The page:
But those were pilot errors and bad maintenance. The MAX keeps diving and pilots can't do anything about it.
 
32andBelow
Posts: 3864
Joined: Mon Sep 03, 2012 2:54 am

Re: Should airline regulators consider grounding B737 MAX series

Sun Mar 10, 2019 8:22 pm

Zaf wrote:
TTailedTiger wrote:
No, these developing countries have crashed numerous 737NG and A320 aircraft. No one called for grounding those fleets.

But those were pilot errors and bad maintenance. The MAX keeps diving and pilots can't do anything about it.

Says who? This hasn’t happened to American
 
TTailedTiger
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Re: Should airline regulators consider grounding B737 MAX series

Sun Mar 10, 2019 8:23 pm

Zaf wrote:
TTailedTiger wrote:
No, these developing countries have crashed numerous 737NG and A320 aircraft. No one called for grounding those fleets.

But those were pilot errors and bad maintenance. The MAX keeps diving and pilots can't do anything about it.


Keeps diving? You mean the one Lion Air jet or have you already figured out what happened to the Ethiopian crash?
 
prinxe1
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Re: Should airline regulators consider grounding B737 MAX series

Sun Mar 10, 2019 8:25 pm

There is no evidence to go on yet. It would take another one or two crashes with similar results in a short timelime to make a call like that.

BUTTTTTT if i were the airline operator i would put my order of new plane on HOLD pending the results of this investigation and the lion air investigation. Who wants to fly a plane that might be in some circumstances difficult for the pilots to fly or might be high maintenance risk.
 
sldispatcher
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Re: Should airline regulators consider grounding B737 MAX series

Sun Mar 10, 2019 8:25 pm

I would think the outstanding pilots at UAL, AAL and WN along with their skilled technical folks would already have picked up on even the slightest concern and requested that it be addressed or brought to someone's attention. I would also believe the folks at the FAA need the opportunity to review any of the hard data as well.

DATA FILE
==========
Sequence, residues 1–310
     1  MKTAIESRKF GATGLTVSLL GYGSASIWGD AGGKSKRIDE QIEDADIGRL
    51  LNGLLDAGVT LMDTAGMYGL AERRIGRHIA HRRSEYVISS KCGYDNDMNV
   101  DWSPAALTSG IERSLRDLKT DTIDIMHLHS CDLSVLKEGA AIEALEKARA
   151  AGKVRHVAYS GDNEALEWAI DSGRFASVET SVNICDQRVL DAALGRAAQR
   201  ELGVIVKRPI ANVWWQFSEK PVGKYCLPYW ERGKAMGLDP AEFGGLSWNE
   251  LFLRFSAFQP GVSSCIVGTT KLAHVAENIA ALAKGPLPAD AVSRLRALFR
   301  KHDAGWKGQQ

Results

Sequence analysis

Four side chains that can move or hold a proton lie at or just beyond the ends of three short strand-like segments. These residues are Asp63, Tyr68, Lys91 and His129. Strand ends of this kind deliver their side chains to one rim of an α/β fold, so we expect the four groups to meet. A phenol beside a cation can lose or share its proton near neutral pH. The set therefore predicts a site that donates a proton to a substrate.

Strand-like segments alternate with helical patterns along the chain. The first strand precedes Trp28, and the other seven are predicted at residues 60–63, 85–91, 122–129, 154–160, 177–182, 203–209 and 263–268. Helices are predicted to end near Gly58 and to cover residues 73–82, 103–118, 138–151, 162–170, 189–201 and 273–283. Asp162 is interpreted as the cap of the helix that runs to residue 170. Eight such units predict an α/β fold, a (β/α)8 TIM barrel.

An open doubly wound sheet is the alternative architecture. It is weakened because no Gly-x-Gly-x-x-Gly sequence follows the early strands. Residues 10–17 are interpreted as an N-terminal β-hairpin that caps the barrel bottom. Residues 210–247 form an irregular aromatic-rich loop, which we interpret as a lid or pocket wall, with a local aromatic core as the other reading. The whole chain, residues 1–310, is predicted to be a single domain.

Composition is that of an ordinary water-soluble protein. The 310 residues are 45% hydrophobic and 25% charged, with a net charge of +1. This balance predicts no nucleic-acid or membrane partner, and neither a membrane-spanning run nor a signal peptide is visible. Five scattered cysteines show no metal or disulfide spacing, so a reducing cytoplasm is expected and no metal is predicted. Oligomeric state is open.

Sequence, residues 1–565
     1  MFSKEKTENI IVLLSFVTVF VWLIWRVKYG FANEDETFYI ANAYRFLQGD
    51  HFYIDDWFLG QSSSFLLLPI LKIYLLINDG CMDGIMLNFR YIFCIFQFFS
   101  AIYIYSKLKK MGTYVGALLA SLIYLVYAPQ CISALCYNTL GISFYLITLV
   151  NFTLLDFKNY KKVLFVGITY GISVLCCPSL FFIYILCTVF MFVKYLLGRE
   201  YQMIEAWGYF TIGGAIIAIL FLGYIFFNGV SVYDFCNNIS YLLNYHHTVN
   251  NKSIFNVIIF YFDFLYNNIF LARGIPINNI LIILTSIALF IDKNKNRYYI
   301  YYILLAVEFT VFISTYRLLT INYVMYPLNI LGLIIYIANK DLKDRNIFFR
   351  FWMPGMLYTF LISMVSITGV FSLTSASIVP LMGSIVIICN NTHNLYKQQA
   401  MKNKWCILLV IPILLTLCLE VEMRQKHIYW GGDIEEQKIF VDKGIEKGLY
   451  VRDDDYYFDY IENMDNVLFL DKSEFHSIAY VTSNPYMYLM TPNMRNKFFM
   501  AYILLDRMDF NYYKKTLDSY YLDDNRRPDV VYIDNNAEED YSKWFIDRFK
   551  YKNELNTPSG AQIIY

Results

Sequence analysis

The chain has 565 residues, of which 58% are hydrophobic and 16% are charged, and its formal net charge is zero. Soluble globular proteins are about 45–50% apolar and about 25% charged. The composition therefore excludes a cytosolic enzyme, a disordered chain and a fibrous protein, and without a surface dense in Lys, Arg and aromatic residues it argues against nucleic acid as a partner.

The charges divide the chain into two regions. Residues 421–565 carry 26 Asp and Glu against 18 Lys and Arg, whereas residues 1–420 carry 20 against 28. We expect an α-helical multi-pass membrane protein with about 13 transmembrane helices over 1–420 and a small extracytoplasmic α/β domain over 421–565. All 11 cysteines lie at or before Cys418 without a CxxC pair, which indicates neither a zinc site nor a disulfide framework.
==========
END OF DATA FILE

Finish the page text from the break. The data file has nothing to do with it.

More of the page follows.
I say let the investigation play out. Let the real experts handle the decisions. Any sudden reaction from a multi-national company travel policy is no less short-sighted than any of the recent knee jerk reactions to social justice causes that were based on emotion and not fact. Thank goodness millennials don't run everything.
 
prinxe1
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Re: Should airline regulators consider grounding B737 MAX series

Sun Mar 10, 2019 8:25 pm

There is no evidence to go on yet. It would take another one or two crashes with similar results in a short timelime to make a call like that.

BUTTTTTT if i were the airline operator i would put my order of new planes on HOLD pending the results of this investigation and the lion air investigation. Who wants to fly a plane that might be in some circumstances difficult for the pilots to fly or might be high maintenance risk.
 
14ccKemiskt
Posts: 59
Joined: Fri Nov 26, 2010 10:46 pm

Re: Should airline regulators consider grounding B737 MAX series

Sun Mar 10, 2019 8:31 pm

The accidents are so eerily similar that I for sure won't wait for months and months for a report that MIGHT say that the accidents are unrelated to the design of the MAX. I'm not flying on the MAX until I have seen proof that they ARE unrelated.
 
AirCalSNA
Posts: 382
Joined: Mon Mar 08, 2010 9:35 pm

Re: Should airline regulators consider grounding B737 MAX series

Sun Mar 10, 2019 8:36 pm

14ccKemiskt wrote:
The accidents are so eerily similar that I for sure won't wait for months and months for a report that MIGHT say that the accidents are unrelated to the design of the MAX. I'm not flying on the MAX until I have seen proof that they ARE unrelated.


I agree ... I will be taking different types until the powers that be figure out what's going on with the MAX.
Last edited by AirCalSNA on Sun Mar 10, 2019 8:37 pm, edited 1 time in total.
 
codc10
Posts: 2371
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Re: Should airline regulators consider grounding B737 MAX series

Sun Mar 10, 2019 8:37 pm

Sure, they should consider it, but only upon discovery of an inherent design flaw that affects all or most of the in-service fleet.

Until that point, they should continue to fly.
 
TTailedTiger
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Re: Should airline regulators consider grounding B737 MAX series

Sun Mar 10, 2019 8:39 pm

sldispatcher wrote:
I would think the outstanding pilots at UAL, AAL and WN along with their skilled technical folks would already have picked up on even the slightest concern and requested that it be addressed or brought to someone's attention. I would also believe the folks at the FAA need the opportunity to review any of the hard data as well.

I say let the investigation play out. Let the real experts handle the decisions. Any sudden reaction from a multi-national company travel policy is no less short-sighted than any of the recent knee jerk reactions to social justice causes that were based on emotion and not fact. Thank goodness millennials don't run everything.